Dear Cape Fear Family Law:

How can I begin separation without it being considered abandonment if my wife will not leave the marital home?  I do not want to lose custody of my children or lose rights to the house.

-Worried, but Ready to Go



Dear Worried, but Ready to Go:

First, consult an attorney.  Abandonment is defined as one spouse ending cohabitation without a justifiable reason or the consent of the other spouse.  Of course, it must be the intention of the spouse who stops living with their husband/wife for that separation to be permanent at the time of the separation.

You need to prepare yourself financially, emotionally, and legally before you separate.  When you leave, if you do not automatically start to pay a reasonable amount of financial support for your children and possibly also to your spouse, you could end up owing her all the back support as well as her attorney fees.  An attorney can help you determine the right amount to pay and draft a Separation Agreement and Property Settlement.  If you cannot agree on the financial terms or custodial arrangement before you need to leave, an attorney can draft a Non-Abandonment Agreement which will allow you to leave right away.

Next, if your spouse is engaged in marital misconduct, you can retain an attorney to file a claim for Divorce from Bed and Board and ask the court to remove your spouse from the home. Abandonment is one of the grounds for this lawsuit in court, so be careful not to leave the home without consulting an attorney, or you may find yourself sued for this claim.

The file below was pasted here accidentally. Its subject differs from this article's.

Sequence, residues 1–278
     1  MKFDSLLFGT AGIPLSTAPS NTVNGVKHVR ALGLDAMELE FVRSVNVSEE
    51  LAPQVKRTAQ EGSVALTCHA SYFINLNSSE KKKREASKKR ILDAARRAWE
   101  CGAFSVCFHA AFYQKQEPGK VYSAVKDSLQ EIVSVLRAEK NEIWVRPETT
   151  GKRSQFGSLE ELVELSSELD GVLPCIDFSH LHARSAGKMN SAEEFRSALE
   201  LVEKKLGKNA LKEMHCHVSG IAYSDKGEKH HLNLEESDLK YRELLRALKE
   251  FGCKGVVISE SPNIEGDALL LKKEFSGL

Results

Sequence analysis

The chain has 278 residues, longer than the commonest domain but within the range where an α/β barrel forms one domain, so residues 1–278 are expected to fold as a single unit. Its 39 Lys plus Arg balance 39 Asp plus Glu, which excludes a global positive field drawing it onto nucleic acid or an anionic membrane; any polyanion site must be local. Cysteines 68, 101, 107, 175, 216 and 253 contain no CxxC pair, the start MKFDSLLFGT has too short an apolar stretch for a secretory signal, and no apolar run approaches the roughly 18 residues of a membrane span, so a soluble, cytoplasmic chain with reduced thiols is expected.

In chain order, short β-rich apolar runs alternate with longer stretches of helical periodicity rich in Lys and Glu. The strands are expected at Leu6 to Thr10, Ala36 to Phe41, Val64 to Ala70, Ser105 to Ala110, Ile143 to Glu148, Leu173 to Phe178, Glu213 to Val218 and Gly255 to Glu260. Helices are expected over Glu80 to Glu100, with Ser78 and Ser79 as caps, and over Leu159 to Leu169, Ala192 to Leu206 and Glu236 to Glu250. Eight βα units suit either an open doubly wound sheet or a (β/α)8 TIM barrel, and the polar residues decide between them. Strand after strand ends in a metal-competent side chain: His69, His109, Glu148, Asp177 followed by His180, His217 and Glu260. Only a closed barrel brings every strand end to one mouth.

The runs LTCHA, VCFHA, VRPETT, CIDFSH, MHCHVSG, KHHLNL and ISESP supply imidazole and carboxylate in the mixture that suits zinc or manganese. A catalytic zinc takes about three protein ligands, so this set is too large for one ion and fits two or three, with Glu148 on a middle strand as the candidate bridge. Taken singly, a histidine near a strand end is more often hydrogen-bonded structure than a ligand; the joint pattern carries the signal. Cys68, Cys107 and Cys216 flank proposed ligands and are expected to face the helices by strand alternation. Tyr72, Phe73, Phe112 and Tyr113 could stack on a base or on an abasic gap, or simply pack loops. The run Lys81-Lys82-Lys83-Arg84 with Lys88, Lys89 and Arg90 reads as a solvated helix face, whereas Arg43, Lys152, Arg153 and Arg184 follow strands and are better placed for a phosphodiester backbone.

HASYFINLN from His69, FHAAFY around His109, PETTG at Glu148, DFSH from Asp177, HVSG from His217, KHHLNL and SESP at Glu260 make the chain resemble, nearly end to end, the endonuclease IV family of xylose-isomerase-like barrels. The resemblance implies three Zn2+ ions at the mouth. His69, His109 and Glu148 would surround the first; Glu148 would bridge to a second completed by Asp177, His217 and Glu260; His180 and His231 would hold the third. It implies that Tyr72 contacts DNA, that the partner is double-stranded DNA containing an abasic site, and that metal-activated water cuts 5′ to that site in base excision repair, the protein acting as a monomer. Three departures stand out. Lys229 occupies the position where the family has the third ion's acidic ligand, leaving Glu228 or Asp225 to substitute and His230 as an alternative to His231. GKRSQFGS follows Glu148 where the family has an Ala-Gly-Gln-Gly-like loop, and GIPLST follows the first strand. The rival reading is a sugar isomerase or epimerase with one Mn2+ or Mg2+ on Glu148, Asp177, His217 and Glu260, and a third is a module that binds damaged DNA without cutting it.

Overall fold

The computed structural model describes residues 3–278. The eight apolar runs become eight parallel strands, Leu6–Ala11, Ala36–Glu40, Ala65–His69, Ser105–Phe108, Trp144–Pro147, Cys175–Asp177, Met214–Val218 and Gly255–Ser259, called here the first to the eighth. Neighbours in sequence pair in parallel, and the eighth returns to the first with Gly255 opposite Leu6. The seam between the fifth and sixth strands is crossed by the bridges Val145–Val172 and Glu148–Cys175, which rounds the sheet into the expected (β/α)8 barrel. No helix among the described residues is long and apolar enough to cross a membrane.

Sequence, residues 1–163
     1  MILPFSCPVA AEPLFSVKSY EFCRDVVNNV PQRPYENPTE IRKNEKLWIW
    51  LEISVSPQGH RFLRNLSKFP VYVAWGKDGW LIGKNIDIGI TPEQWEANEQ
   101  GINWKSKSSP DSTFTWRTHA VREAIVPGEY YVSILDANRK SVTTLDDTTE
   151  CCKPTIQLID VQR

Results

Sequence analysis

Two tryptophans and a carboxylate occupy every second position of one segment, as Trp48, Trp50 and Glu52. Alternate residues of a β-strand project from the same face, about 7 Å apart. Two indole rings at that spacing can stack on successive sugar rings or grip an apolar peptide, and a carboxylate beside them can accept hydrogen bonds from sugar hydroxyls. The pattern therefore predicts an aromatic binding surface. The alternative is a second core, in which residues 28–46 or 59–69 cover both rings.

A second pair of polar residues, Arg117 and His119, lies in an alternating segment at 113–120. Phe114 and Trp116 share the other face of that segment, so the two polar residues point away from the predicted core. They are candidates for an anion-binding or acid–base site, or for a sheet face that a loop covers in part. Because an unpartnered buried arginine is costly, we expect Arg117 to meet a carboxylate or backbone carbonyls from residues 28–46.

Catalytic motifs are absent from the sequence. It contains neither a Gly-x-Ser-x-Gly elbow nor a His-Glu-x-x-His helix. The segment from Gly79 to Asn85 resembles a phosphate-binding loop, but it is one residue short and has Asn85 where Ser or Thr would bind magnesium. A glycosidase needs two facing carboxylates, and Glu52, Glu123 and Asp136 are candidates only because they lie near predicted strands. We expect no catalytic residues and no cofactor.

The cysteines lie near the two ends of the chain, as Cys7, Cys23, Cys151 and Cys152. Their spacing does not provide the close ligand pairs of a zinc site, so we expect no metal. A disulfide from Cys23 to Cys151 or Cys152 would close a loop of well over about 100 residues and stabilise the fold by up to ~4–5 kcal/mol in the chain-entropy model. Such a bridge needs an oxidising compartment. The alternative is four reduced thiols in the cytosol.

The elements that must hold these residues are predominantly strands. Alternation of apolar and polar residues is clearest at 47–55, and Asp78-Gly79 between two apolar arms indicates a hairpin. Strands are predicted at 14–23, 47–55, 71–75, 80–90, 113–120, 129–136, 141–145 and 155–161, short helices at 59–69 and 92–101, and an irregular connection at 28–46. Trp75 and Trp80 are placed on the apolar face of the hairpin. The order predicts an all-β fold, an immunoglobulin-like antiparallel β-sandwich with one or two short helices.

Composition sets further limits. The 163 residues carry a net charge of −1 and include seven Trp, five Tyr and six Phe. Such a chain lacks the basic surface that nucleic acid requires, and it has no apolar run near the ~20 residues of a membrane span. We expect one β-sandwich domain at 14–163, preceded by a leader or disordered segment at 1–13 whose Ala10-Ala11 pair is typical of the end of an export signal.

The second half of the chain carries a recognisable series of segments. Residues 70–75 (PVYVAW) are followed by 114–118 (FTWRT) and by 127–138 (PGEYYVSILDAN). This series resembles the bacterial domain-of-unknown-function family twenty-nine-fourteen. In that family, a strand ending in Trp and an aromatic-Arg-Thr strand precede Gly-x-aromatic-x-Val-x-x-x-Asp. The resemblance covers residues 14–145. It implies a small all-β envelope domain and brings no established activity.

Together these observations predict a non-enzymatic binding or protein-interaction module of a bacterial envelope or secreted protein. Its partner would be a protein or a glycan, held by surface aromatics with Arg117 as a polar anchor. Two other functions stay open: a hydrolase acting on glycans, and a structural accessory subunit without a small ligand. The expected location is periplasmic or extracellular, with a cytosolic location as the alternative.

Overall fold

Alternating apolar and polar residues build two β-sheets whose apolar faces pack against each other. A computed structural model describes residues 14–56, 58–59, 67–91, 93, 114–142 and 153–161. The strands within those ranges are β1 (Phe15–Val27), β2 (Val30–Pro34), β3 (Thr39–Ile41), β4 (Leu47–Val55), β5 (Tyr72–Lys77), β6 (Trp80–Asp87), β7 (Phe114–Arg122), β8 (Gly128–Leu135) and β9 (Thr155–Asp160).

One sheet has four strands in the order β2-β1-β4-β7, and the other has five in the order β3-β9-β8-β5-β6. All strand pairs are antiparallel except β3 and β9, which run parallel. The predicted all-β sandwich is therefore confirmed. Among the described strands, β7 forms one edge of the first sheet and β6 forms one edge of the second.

Finally, if you do move prior to getting a written agreement with your spouse, you need to have a plan in place on how you will share your children’s time.  If you cannot agree, your attorney can file litigation to work on getting you a custody schedule as soon as possible.



The response posted above is based upon the limited factual information made available and is not intended as a full and complete response to the question. The only reliable manner to obtain complete and adequate legal advice is to consult with an attorney, fully explain your situation, and allow the attorney sufficient opportunity to research the applicable law and facts required to render an accurate opinion. The basic information provided above is intended as a public service only, a full discussion with an attorney should be undertaken before taking any action. The information above is available for public viewing and is not intended to create an attorney client relationship with any individual. This answer is provided for informational purposes only, a person should consult with their own individual legal counsel before taking any action that could affect their legal rights or obligations.